In the same way that astronomers determine the space–time structure of extended sources using Hanbury-Brown–Twiss optical intensity interferometry, heavy-ion physicists use 3D momentum correlation-functions of identical bosons to determine the size of the medium produced (the freeze-out volume) and its lifetime. In line with predictions from hydrodynamics, the volume increases between RHIC and the LHC by a factor of two and the system lifetime increases by 30% (CERN Courier May 2011 p6).

Perfect quantum liquids are characterized by a low shear-viscosity to entropy ratio, η/s, for which a lower limit of h/4πkB is postulated. This property is directly related to the ability of the medium to transform spatial anisotropy of the initial energy density into momentum-space anisotropy. Experimentally, the momentum-space anisotropy is quantified by the Fourier decomposition of the distribution in azimuthal angle of the produced particles with respect to the reaction plane. The second Fourier coefficient, v2, is commonly denoted as elliptic flow. With respect to RHIC, v2 is found to increase in mid-central collisions by 30% (CERN Courier April 2011 p7). Calculations based on hydrodynamical models show that the v2 measured at the LHC is consistent with a low η/s, close to or challenging the postulated limit.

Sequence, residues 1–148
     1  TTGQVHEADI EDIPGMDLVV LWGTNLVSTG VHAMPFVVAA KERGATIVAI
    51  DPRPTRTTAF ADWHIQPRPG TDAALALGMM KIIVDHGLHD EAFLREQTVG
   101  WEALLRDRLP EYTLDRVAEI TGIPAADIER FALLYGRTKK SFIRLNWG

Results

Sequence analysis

Further knowledge on the collective behaviour of the medium has been obtained from the spectral analysis of pions, kaons and protons. The so-called blast-wave fit can be used to determine the common radial expansion velocity, <βr>. The velocity measured by ALICE comes to about 0.65 and has increased by 10% with respect to RHIC.